There’s A Mental Health Reason To Avoid Added Sugar
When we think about the link between food and feelings, it usually goes something like this: We feel sad, and then we eat something — usually a comforting gut bomb of sugar, salt and fat — to feel better. But what if this relationship were actually reversed? What if the things we ate were actually causing us to become more depressed over time, creating a destructive loop of sadness, bingeing, and sadness again?
That’s the premise of a recent study, published in the American Journal of Clinical Nutrition, that suggests sugary and starchy foods could contributing to depression. Previous long-term studies have shown that people who eat pastries, sugary drinks and other refined carbohydrates have a higher risk of depression, but didn’t determine what is it, exactly, about those foods that ties them to depression risk.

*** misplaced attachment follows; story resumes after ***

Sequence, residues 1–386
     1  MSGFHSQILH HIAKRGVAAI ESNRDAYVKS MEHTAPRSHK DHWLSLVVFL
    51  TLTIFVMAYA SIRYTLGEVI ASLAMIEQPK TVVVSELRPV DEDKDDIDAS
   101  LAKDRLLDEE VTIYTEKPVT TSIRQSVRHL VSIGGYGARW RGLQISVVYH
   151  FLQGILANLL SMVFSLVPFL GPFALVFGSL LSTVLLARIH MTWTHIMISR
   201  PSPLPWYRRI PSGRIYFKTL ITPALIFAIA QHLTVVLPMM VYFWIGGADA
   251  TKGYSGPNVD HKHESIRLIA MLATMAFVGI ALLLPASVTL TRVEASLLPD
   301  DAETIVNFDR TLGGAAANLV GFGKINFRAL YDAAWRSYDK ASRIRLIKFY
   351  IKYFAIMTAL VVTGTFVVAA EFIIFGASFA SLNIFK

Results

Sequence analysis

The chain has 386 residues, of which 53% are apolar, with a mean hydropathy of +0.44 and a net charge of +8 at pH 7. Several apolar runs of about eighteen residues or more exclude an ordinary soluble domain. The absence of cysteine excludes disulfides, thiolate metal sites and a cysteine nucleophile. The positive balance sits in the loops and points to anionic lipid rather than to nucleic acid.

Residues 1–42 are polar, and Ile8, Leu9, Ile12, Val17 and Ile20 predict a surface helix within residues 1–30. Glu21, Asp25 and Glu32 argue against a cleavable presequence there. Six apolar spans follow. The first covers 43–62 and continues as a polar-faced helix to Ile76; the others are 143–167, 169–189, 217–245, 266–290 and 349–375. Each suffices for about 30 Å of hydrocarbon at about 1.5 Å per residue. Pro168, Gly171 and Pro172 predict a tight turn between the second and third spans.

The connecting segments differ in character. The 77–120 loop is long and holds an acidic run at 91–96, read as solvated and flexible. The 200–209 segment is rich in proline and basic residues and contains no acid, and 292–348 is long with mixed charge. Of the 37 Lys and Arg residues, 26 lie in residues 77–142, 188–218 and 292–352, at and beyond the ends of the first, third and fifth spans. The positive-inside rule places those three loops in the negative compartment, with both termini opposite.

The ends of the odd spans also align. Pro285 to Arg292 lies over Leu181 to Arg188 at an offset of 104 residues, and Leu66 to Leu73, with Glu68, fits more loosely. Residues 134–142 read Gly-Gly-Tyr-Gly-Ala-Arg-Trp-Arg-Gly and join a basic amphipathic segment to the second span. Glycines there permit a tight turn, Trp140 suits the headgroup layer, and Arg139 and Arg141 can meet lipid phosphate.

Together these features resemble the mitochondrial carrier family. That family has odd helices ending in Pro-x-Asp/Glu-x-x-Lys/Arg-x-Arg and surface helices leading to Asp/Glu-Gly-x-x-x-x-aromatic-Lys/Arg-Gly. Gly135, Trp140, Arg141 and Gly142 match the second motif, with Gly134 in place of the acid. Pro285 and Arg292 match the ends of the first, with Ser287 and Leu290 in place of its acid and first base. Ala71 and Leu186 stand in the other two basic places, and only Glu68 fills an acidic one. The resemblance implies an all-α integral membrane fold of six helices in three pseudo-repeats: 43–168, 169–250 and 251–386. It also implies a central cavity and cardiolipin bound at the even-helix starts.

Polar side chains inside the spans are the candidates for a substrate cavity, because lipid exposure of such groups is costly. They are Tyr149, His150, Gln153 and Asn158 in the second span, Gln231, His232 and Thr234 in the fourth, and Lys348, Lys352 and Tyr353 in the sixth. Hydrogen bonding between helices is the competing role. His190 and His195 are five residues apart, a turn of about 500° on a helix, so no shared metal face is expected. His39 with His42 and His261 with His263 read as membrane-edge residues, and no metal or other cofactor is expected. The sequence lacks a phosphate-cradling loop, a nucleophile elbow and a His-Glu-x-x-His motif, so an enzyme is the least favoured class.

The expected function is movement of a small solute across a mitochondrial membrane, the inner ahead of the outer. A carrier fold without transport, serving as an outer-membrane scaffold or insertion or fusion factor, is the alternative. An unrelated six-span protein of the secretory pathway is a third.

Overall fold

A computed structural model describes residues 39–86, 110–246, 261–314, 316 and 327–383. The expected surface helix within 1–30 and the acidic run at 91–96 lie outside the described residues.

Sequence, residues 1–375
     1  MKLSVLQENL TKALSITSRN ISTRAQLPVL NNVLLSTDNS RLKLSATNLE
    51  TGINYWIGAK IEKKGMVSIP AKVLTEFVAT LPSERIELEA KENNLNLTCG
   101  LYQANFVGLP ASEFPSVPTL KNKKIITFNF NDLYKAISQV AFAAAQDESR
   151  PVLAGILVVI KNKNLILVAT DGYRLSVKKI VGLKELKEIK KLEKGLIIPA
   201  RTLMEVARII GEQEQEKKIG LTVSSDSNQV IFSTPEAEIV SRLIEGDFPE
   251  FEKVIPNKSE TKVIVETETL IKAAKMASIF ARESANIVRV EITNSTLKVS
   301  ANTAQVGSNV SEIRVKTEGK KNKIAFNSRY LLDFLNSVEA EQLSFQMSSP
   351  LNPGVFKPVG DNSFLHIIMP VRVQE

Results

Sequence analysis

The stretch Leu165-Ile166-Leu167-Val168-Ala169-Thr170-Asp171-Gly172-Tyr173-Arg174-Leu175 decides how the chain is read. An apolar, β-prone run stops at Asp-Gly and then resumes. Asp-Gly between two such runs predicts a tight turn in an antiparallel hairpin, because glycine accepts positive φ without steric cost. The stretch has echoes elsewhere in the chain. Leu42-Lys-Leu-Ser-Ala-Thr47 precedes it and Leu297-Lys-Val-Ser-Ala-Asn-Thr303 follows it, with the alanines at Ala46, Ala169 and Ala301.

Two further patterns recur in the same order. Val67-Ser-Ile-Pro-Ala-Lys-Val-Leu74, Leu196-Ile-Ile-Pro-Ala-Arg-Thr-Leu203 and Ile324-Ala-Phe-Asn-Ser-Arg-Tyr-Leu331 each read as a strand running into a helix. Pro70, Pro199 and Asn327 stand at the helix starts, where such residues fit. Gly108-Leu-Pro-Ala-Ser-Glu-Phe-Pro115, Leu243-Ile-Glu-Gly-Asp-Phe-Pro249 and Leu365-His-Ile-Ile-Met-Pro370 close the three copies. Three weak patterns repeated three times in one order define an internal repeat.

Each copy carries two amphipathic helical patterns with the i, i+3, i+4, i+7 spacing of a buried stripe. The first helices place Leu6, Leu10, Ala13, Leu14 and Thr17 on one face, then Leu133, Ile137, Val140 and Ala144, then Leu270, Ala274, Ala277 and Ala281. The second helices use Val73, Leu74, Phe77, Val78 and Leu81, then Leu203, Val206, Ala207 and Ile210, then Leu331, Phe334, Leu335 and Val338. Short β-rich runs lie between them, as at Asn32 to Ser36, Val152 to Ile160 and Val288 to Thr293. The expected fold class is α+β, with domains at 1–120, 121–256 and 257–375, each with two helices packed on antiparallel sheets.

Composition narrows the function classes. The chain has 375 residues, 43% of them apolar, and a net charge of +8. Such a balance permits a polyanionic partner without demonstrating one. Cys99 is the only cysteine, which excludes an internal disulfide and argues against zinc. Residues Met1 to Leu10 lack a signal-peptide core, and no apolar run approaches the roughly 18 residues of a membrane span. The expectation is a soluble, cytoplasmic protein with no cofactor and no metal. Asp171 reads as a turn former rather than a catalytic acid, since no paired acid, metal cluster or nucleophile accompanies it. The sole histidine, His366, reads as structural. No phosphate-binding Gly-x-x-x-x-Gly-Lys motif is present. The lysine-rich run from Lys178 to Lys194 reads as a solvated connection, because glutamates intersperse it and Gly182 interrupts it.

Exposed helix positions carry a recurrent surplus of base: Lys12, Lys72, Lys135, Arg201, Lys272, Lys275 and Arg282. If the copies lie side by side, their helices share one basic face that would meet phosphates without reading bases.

Columbia University psychiatry professor James Gangwisch wanted to find out, and to parse out the different effects that varying amounts of carbohydrates and added sugar have on mood. To do so, he looked back at data from nearly 70,000 postmenopausal women who participated in a research project in 1994 and then again in 1998.
Gangswisch and his team looked at both the quality and quantity of the carbs in the women’s diets, applying glycemic index scores — a scale from zero to 100 that measures how a food raises a person’s blood sugar level — to what each woman was eating. (A food like steel-cut oatmeal, with a GI score of 55 or less, raises blood sugar levels less than instant oatmeal, which has a GI score of 70 or more.) They also calculated each woman’s glycemic load, or the amount of carbs she was eating, to understand whether or not that had any link to her level of depression. —> Read More